However because the principle relied upon combining grassroots political activism with bureaucratic measures, it was extended by certain student groups to others, infamously to student groups supporting Israel and to sexists, as well as to some right-wing Tory MPs (such as Keith Joseph and John Carlisle). In more recent years, some activists have attempted to no platform radical feminists who they believe are transphobic.

The widening of the scope for no platform has led to controversy within student and activist circles since the 1970s, but while many agree on applying the principle to explicitly racist and fascist organisations and speakers, it has been individual student unions or student groups that have sought to extend it. No platform is a tactic that needs to be negotiated with regard to its immediate context and requires democratic debate over it use in any given campaign. At the moment, the NUS only applies the policy of no platform at the national level to several openly racist or jihadist groups, such as the British National Party, National Action and Hizb-ut-Tahir. Individual student unions can apply the principle to other groups depending on the local situation. No platform is about preventing what is colloquially known as ‘hate speech’ rather than speech that is merely offensive. In many Western countries, unlike the United States, this opposition to hate speech is in line with broader human rights legislation that protects people from hateful or harmful speech (although these laws are often portrayed as against ‘free speech’).

The question as to whether universities should or should not host speakers who propound offensive ideas does not fully grasp the situation. Students and activists are not simply mobilising to prevent those propounding offensive ideas, but harmful speech that is often linked to harmful actions. As institutions, universities promote the notion that they are neutral venues where competing ideas are debated and for the most part, attempt to excuse themselves from taking any action that prevents people or organisations from publicising their ideas on campus (although critics point out that anti-extremism programs, such as Prevent in the UK, have been implemented to a degree that curtails freedom of speech). With the case of the UK, universities are not allowed to hinder free speech under the Education Act no. 2 1986. However this does not apply to student unions or individual student bodies that exist as separate legal entities to the university. It is predominantly a democratic decision by the student bodies at the grassroots level to allow or not allow speakers that may engage in harmful or hateful speech, rather than the university administration.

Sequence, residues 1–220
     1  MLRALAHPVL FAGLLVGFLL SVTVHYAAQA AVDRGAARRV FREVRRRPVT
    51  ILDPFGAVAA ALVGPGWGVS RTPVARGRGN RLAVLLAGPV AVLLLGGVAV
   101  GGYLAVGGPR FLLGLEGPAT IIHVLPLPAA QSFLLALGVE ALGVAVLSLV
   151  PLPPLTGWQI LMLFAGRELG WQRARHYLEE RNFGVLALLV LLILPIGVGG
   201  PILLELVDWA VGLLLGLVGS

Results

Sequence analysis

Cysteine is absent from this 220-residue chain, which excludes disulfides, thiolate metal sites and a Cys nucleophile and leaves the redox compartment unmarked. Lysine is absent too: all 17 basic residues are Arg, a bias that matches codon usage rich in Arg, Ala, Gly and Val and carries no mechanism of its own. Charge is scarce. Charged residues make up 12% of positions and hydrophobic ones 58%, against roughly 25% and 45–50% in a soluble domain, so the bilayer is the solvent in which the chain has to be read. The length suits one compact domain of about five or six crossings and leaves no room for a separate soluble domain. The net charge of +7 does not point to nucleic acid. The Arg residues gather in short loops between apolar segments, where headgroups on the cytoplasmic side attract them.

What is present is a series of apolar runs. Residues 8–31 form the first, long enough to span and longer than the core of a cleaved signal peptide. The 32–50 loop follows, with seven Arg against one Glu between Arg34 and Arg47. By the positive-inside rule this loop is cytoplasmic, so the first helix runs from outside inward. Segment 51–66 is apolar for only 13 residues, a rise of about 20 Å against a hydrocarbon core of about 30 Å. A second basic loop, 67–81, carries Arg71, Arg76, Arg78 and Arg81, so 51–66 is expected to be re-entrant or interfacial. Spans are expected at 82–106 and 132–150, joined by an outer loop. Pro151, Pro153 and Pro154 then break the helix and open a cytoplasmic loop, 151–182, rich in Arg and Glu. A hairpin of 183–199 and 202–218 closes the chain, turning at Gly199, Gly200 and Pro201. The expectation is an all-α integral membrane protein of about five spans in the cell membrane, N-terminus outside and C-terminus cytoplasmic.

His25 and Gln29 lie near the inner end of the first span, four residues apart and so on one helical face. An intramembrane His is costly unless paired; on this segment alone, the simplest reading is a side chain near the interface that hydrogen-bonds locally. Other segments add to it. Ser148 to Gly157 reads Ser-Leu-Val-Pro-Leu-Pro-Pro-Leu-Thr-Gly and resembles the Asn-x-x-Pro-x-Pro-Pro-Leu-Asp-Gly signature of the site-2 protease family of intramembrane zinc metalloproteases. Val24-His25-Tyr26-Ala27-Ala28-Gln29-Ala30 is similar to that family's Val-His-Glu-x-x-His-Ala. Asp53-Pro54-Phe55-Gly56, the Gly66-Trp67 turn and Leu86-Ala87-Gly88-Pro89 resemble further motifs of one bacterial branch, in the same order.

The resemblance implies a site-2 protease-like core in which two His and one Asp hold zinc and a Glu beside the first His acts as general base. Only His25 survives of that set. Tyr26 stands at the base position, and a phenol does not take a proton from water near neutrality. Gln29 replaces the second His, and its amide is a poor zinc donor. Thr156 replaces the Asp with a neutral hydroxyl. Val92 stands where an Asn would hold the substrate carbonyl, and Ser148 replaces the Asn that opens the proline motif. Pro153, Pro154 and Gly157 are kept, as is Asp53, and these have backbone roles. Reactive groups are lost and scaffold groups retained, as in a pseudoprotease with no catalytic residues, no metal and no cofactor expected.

Free speech absolutism often proposes that, above all else, university are a marketplace of ideas where students should be intellectually challenged and while students are presented with a range of ideas on campus, students also have the right not to be subjected to hateful or harmful speech and can forcefully reject proponents of these ideas. These forms of hate speech call for taking away the rights of certain sections of society and are thoroughly anti-democratic, and cannot be tolerated as within the realm of democratic ‘debate’.

When figures of the fascist or populist far right are invited to speak on university campuses (and in other public venues), these speakers do not present their ideas into a vacuum and often a broader coterie of far right forces are mobilised to attend these events, which can lead to intimidation, harassment and violence. Many students are unwilling to allow this to happen and organise to prevent these forces from coalescing on campus. In the past few years, various ‘alt right’ figures and groups have attempted to hold public events, campaign or recruit on university campuses in the United States, Britain, Australia and Canada. As the far right forces gain notoriety in an era of populism, many people, including students and other younger activists, are worried about what these forces might lead to. The battle for the university campus is part of a wider resistance to what they see as the zombie march of a regressive and reactionary right that should have been left behind by now.

No Platform book project: An appeal for sources

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I am very excited that my book project on the history of the NUS policy of no platform in the UK is moving forward. At the moment, I am on the lookout for further primary sources from no platform campaigns from the 1970s to the present (particularly from the 1980s and 1990s). So if anyone has any material relating to specific campaigns, please send an email to hatfulofhistory@gmail.com.

I am especially interested in any material relating to campaigns to prevent Enoch Powell and representatives of the apartheid regime in South Africa from speaking on university campuses in the mid-to-late 1980s.

In the meantime, you can also read this book chapter which gives an overview of the no platform policy in the 1970s and 1980s.